Predicting goals – Part one

18/11/2017 | By | 1 Reply More

To get some context into this post read the goal ratings thread…

When you’re looking at a football match, goals are obviously of great importance. Every strategy you deploy on a football match is reliant to some extent on whether a goal is scored or not.

Starting point

The first place to start when you trading in football is to work out if you think there will be a goal, obviously.

Low scoring rates

High quality matches between even teams, where the away team is slightly stronger, tends to produce draws. But high quality teams tend to possess quality all round and therefore a goal is likely, subject to the defence of the opposing team. However low quality matches between two poor teams can produce the same results and tends to produce fewer goals. But the common denominator here is between equally matched teams, where the away team slightly stronger.

My range of prediction

When I look a football match the first thing I do is try and predict how many goals I think there will be. My prediction is centred on the long-term historical average for goals. That long-term average is somewhere between 2.5 and 2.6 goals, depending upon the league or competition. When I first started doing this in the 80’s nobody was attempting it, now there are quite a few sources and opinions. But I still make the effort to run through mine, even if they do or don’t agree with the market.

Now it seems odd that you would forecast 2.64 goals, but what this forecast is telling you is if we played this match 100 times how many goals would be scored. In the case of a forecast of 2.64 we are saying there would be somewhere between 26 and 27 goals scored in this match over 100 games.

Short term inaccuracy

We all know that they can’t be .64 of a goal in a game so this forecast is based around finding the average number of goals. This is where football becomes tricky, because you will probably end up with two or three goals and therefore you will always be out to some extent on a specific set of results. But football is a sport that plays out over a long period of time, so all my positions in football are based around being accurate in the long term forecast but most likely being inaccurate during a set of matches. I’m not fussed about this because I know it will average out over time.

Competitive vs. uncompetitive matches

If I get a very competitive match between two top teams I will very likely to nudge my forecasts toward two goals. If it is an uncompetitive match then I will nudge the forecast towards three goals and in a very uncompetitive scenario you may find me lift the forecast to 4 goals. Again, I’m not saying that there will be this precise number of goals within the match but I’m saying if this match was played repeatedly over a long period of time this is where the average number of goals would sit.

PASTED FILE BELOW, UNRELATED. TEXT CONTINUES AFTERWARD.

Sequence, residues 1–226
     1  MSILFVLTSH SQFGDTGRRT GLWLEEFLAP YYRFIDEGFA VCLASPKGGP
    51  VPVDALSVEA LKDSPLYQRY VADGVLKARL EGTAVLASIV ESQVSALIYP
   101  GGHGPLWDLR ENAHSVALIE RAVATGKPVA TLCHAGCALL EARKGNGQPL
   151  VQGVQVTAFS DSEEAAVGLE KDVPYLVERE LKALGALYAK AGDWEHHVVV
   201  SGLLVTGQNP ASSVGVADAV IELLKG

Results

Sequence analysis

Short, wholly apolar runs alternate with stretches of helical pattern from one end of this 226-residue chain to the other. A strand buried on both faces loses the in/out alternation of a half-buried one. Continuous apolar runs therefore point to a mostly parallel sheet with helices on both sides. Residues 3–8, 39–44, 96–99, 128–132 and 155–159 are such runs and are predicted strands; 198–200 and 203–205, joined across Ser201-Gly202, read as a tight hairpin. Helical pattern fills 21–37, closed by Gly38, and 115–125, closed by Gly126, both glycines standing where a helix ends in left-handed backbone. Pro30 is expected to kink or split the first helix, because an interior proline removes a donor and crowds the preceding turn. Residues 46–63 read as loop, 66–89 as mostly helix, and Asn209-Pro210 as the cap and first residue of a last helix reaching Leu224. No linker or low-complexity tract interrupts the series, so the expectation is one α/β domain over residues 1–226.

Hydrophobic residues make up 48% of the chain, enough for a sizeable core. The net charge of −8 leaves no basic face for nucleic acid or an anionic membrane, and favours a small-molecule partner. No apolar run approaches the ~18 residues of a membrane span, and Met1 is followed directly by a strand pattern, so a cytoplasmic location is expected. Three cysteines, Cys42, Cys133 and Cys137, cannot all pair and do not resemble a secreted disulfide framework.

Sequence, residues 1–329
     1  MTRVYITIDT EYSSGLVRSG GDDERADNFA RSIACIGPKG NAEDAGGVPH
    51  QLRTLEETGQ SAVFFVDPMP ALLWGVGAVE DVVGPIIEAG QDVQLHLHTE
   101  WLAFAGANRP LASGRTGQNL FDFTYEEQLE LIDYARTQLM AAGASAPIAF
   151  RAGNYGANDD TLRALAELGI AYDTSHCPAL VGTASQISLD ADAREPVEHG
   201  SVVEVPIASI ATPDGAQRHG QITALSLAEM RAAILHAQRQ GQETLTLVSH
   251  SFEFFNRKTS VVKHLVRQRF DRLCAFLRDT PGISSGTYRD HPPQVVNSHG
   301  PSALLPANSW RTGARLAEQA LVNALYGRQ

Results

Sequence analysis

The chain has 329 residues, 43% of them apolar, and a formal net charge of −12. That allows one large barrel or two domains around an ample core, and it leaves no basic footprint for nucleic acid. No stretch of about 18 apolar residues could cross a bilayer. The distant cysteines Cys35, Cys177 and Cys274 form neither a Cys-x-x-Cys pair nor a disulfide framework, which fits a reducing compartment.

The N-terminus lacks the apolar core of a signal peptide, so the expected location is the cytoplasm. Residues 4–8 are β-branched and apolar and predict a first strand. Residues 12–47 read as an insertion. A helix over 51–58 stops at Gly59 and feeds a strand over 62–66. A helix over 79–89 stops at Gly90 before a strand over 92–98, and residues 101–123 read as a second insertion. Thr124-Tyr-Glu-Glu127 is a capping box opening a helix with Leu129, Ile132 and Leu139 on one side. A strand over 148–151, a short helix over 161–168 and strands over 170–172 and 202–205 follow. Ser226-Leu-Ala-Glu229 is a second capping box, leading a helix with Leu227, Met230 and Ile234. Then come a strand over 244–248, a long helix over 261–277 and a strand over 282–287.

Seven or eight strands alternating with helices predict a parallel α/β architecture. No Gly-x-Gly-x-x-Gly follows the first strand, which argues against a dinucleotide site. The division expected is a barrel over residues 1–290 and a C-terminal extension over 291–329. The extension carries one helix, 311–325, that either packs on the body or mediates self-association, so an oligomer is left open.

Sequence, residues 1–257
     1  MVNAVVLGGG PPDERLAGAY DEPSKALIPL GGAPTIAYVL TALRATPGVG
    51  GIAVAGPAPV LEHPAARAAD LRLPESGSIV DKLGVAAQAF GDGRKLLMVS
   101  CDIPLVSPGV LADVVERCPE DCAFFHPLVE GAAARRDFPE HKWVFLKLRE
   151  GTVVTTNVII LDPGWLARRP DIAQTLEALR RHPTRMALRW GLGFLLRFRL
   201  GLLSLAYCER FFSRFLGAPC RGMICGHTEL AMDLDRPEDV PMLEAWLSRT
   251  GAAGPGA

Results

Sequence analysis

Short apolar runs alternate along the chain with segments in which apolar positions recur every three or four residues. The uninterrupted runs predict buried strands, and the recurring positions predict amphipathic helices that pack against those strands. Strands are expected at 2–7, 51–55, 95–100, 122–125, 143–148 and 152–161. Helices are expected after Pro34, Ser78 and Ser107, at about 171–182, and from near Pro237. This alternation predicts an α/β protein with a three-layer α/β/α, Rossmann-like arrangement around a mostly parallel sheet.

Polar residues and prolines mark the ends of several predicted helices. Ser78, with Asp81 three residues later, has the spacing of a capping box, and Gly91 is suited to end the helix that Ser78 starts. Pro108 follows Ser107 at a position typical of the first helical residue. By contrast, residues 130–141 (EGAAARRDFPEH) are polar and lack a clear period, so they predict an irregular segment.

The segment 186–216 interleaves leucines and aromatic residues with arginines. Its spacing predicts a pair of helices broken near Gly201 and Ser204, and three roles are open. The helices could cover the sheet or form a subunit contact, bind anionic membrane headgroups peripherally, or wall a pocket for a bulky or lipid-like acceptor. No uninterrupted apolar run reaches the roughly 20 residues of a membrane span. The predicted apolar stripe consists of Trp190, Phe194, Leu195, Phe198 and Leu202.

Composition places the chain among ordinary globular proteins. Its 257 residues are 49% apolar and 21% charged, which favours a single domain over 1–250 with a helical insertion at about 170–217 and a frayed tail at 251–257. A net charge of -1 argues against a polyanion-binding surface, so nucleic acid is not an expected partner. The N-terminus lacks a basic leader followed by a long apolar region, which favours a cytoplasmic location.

Group forecasting

This is why often group forecasts together, by doing this you can see the goal forecast average out fairly quickly. Last night I predicted 23 goals in total across all matches and we end up very close to that number.

I’ve spent a ball achingly large amount of time working on the average number of goals and over the course of the season it tends to be very accurate. Last year I was 0.07 goals out in the scheme of things, on average. Generally though this isn’t because of some amazing foresight, though I do have a complex model that runs on each scenario, it’s more to do with the variability within football.

Coping with variability

I could forecast three goals, but one could be a dodgy offside decision, one a blatant handball and the other a missed penalty. In the models terms, a value is assigned to each of these scenarios so it can reasonably discount what the “true value” of the actual match was, regardless of whether it actually occurred or not. That’s the way football works! But thanks to this variability, you can often look a right fool with some forecasts.

Summary

But the first stage of doing something in a football match is to come up with a good estimate of how many goals there will be. There were some really good sites that had information on this value, but incredibly most of them have vanished. I’m pondering introducing one myself, if I can find the time.

Next up, how the number of goals influences the time of a goal.

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Category: bookmark, Football / Soccer, Trading strategies

Comments (1)

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  1. Very interesting article Peter. Looking forward to your next one on the number and timing of goals. I’ve just written quite a similar article on my own blog.
    https://bettingthoughtsblog.wordpress.com/

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